Just as it happened in the failed Kyoto Protocol, when China decided not to sign its ratification when the Americans declined to meet the timid goals of reducing 5.2 percent of their emissions from the 1990 baseline. And with valid arguments when pointing out that They have barely 25 years of sustained economic development making a huge effort to lift 30 million Chinese a year out of poverty. And because Americans and Europe have been emitting billions of tons of GHG annually for more than 140 years since the industrial revolution, they would not ratify their commitment to Kyoto either. Then India also refrained from ratifying it, for the same reasons. We know that the three giants, China, the US, and India, emit almost 50 percent of global GHG emissions. And therefore, once the three abandoned the Kyoto Protocol, it was practically dead in 2012.
A pesar del fracaso de Kioto, después de tres años de intensos cabildeos, llegamos a París en diciembre de 2015 para lograr lo impensable: un acuerdo de 194 naciones del mundo comprometiéndose a reducir sus emisiones de GEI para salvar el planeta.
It is difficult to predict today what will happen to the Paris Accords. But most likely, we will once again witness this same unfortunate decision (now) of Donald Trump, of the abandonment of the United States of America in the face of the obligations of the Paris Agreements and the consequent refusal of China and India to maintain their commitments. Which leads us to conclude that once this happens in the course of 2017 or 2018, the efforts that could be made by both Europe (which emits approximately 10 percent of global GHG emissions) along with the other countries of the world do not They will be enough to stop the inertia that we have experienced in the last 140 years, where we have generated a permanent growth in GHG emissions and the consequent global warming. We have the global temperature records for the last 30 years, which is the necessary and appropriate term to accurately define the global climate. We can affirm that the last 16 years have been the hottest in modern times.
According to the scientists of the Intergovernmental Panel on Climate Change, we know that if we exceed those 2 degrees of global temperature in the next 30 or 40 years, we will enter a more aggressive and dangerous dynamics for humanity, where apparently, we will no longer be able to reverse nor stop the serious effects and consequences that will substantially harm the great ecosystem. Especially to the more than two billion inhabitants of the planet who live in the coastal areas of the five continents. The theory that the water level of the oceans will rise will simply be a reality. The material cost of moving cities settled on the coasts inland and the enormous destruction of coastal ecosystems will be incalculable and the global economy will surely enter the most difficult stage ever known to modern society. Because it will be a global economic crisis.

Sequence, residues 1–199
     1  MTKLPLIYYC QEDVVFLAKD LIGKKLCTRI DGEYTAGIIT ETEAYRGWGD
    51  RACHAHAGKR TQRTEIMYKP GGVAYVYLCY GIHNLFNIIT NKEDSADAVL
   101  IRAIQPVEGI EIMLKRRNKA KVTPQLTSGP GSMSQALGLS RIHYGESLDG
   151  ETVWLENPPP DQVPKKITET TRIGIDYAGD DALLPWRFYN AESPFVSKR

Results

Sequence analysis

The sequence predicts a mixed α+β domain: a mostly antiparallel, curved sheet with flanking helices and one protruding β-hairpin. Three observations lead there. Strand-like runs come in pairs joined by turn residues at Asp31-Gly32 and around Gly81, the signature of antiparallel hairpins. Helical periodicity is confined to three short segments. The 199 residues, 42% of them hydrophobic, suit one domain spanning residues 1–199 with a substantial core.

This is why I must leave my modest testimony in this opinion piece: I hold US President Donald John Trump responsible for being the cause of the unforgivable and undue delay in the fight against global warming, for obeying his poor scientific knowledge and above all for The obsession to fulfill his campaign promises to generate jobs in the United States, under the fallacy that only by returning to the intensive exploitation of hydrocarbons in all its forms and to industrial production with electrical energy through the burning of fossil fuels, will he succeed.
The reality is different: President Donald John Trump is simply obeying the economic interests of the powerful oil companies, without knowing that he is compromising the viability of the human species into the future, under the pretext of the generation of dozens or, at best, of hundreds of thousands of American jobs. But without taking into account not only the two billion inhabitants of the planet who live on the coasts but the planet itself. At the time.